This DVD has a nice mix of locations and subjects- trees and boats, water and bridges, buildings and intersections. Some work is in Melbourne, but most of it is plein air in Paris. There's also a studio piece at the end, which is a novelty that's interesting.
As with the previous DVDs, there are certain mantras Zbukvic repeats here- simplify the background, make it flat; don't over work it—something that’s so easy to do, as you work on it first. Choosing the right subject is the beginning of painting. You need to simplify the shapes, and see the painting as a relationship of shapes first (sky, water, land, etc) and not really as "objects". Just because something is beautiful doesn't make it good subject matter for paintings. As before, he often breaks the composition into 1/3s, picking subjects that have an open foreground, to pull you in. He mentions again the idea that you need to persevere, that you need to finish and then view it later, on its own, rather than judging your painting too harshly in the moment. All in all, these things are nothing new if you've watched his other DVDs, but it's well worth hearing them again. And if you've done any plein air composition on your own, you know how valuable this advice is. It's easy to screw a painting up before you even really begin.
On the note of plein air painting, I was intrigued to see, once again, how much he changes the view before him, even as he sticks to certain details, such as chimney tops, windows, and what not. It's very liberating to see that his paintings are really interpretations of reality. He never holds too tightly to that. I also noted that, repeatedly, he sort of "zooms in" for his subject. He never seems to paint what is directly in front of him, but instead searches outwards for the best composition. I've had a tended to feel the need to include those foreground details that litter the space in front of me, but he really lets that go, and move a bit into the distance, even for the foreground-- almost like he's deliberately letting go of unessential details through the act.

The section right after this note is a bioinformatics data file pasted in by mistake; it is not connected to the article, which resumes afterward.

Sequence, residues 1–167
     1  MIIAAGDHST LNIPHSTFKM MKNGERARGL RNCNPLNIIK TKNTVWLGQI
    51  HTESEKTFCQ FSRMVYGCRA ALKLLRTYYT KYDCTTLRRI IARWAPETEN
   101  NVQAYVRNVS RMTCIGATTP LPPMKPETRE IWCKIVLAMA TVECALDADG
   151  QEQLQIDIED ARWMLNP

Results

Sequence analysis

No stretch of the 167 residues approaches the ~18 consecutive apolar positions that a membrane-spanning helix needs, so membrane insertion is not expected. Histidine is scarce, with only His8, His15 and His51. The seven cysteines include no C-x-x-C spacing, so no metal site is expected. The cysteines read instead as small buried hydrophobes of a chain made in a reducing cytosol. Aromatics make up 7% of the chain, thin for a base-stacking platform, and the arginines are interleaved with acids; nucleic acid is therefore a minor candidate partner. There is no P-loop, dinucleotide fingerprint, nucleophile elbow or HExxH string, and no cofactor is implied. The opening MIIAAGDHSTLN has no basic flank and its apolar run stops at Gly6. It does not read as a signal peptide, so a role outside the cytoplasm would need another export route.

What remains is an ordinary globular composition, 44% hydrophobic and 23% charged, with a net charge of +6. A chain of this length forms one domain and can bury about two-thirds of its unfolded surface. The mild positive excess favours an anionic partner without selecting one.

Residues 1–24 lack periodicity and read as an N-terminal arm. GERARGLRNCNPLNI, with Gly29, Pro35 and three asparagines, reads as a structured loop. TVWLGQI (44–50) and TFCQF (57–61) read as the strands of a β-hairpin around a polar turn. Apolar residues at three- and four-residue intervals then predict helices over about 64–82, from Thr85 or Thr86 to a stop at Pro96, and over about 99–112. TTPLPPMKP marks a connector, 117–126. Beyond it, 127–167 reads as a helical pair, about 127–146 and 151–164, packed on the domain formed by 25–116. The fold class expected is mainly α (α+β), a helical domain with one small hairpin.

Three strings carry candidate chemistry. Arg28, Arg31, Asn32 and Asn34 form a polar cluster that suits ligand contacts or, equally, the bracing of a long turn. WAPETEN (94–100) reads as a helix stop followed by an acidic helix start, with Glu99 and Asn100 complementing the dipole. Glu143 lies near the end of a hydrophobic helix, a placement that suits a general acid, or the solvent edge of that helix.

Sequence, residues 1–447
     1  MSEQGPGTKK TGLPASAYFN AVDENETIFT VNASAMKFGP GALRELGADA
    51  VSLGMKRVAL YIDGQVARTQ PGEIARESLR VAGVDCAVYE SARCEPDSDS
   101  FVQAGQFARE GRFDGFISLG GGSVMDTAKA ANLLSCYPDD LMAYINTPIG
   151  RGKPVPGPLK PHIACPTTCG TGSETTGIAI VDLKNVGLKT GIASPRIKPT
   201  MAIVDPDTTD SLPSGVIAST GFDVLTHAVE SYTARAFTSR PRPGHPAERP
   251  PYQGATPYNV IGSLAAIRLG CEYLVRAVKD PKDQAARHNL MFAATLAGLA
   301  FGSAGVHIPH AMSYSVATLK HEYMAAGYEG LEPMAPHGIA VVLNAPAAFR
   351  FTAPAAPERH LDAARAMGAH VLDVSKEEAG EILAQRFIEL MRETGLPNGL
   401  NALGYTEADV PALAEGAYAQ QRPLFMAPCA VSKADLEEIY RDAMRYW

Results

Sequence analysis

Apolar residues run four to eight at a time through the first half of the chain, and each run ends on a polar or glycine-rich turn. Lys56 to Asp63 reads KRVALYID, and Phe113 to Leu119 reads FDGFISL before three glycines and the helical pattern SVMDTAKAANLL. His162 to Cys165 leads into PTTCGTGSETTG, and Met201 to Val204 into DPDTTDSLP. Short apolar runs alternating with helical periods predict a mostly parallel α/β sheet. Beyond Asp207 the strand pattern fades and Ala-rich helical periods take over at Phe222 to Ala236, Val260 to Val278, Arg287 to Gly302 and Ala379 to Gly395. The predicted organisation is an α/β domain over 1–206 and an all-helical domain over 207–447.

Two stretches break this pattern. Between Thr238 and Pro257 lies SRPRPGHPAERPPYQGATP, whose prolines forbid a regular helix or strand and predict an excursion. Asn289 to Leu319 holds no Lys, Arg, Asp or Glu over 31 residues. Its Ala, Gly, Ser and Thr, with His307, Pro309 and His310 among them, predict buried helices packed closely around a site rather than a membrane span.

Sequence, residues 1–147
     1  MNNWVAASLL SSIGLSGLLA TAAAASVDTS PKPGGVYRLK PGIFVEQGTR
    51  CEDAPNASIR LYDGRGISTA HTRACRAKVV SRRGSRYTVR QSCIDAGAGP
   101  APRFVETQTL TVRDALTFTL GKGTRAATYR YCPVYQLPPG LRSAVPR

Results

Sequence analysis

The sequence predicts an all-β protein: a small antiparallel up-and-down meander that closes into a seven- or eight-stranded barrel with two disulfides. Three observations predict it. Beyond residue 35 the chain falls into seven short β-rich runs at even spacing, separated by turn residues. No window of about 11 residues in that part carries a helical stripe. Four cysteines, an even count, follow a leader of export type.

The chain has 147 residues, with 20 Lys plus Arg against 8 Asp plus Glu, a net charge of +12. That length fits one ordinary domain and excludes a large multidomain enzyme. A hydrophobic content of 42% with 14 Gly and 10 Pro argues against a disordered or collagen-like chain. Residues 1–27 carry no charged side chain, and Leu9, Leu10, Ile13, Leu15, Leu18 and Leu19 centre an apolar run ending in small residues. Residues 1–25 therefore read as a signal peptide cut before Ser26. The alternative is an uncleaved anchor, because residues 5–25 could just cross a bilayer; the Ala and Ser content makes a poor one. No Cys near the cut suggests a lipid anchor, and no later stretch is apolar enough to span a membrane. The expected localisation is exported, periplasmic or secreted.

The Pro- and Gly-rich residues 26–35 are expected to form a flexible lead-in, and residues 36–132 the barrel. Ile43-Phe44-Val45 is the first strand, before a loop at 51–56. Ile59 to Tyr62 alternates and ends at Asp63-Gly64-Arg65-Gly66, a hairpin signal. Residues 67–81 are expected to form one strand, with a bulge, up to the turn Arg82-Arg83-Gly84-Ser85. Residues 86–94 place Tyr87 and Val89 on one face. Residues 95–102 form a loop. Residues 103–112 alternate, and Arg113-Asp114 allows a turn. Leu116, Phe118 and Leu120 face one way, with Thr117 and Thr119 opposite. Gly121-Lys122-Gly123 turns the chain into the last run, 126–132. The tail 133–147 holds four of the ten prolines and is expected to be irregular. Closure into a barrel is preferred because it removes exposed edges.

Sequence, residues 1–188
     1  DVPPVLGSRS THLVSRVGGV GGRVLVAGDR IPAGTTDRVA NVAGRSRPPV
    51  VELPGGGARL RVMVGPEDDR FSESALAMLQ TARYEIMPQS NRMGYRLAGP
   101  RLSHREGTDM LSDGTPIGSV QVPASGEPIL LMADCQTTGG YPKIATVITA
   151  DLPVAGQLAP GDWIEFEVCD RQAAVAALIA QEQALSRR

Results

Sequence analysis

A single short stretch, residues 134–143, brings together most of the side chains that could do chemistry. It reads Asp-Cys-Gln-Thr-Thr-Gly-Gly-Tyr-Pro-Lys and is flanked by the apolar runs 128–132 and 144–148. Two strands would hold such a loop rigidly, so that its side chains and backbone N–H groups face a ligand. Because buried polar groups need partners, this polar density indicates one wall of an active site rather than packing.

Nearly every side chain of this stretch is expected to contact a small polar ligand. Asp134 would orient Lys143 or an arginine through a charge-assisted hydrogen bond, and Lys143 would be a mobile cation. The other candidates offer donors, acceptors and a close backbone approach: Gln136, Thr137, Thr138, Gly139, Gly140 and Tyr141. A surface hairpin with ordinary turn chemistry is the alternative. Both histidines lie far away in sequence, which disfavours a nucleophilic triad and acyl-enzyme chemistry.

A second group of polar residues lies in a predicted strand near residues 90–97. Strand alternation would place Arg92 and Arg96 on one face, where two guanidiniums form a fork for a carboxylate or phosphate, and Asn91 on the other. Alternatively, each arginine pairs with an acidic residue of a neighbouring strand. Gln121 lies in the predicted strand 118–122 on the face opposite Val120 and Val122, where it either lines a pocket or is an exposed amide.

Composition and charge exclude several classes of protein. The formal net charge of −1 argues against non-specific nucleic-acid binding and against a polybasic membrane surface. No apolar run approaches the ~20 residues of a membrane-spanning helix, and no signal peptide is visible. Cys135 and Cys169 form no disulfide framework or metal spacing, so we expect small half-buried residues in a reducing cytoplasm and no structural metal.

In the Paris Bridge painting (#2), there's a sunlit bridge in the distance that he almost completely ignores. There's also a bit of light on some of the distant buildings, but he keeps them as silhouettes, or, as he says, he "deliberately flattens them". The water is distinctly bright in the distance of the painting, presumably to allow the darker foreground to read closer, by contrast. Here's a pic, for you to compare-
In the Backlit Umbrella scene, the buildings and the foreground actually have a bit of warmth to them, but he cools them off and focuses on values instead. It's also interesting to note that the tree is moved slightly to the right of the umbrella, presumably not to conflict with the center of interest. He also removes what seems to be a pole of some sort in the middle of the street.
In the Backlit Tunnels scene, he barely makes reference to the tunnels, which surprised me, as the tonal contrast of the well-lit tunnels to the dark building seemed particularly striking to me. Instead, things are casts in silhouette, as he pushes for the bare essentials of the scene. He also decides to make it a rainy day. "It rained the night before," he said- so it's as if he's painting possibilities of actual events, rather than the specific details.
As an aside, an interesting plein air technique he does more than once is to lay in a very weak sky with a very dry brush, which allows him to go back in and cut his buildings or midground shapes very rapidly afterwards. He does it for the Paris Bridge scene, whereupon he moves to the water in the foreground (while waiting for it to dry), and he does it for the Backlit Paris Umbrella scene, and the scene after it, as well. For that scene, he even "scrubs" the paint all around with a light weight paper towel, effectively painting and drying at the same time. It only takes a few minutes of working on the foreground for it to dry enough for him to head back into the buildings. It's an interesting technique that allows him to rapidly lay in some value, without slowing down the painting process in general.
One of the other things he talks about is "economy of brush strokes," much as Alvaro might. "Quick confident strokes" is the goal, he says. He never goes exactly into why, but I can only say, having recently done a lot of plein air work myself (with which I was generally dissatisfied! Ha!), that the hardest thing to do, once you've got some basic technique down, is to appropriately simplify a subject. It is very easy to lose the feel of a place, of the time of day and the light, and yet really get down lots of unimportant "little fiddly bits" quite accurately. Perhaps this push of his to paint briskly and confidently, "without going back over it" is meant to help with that.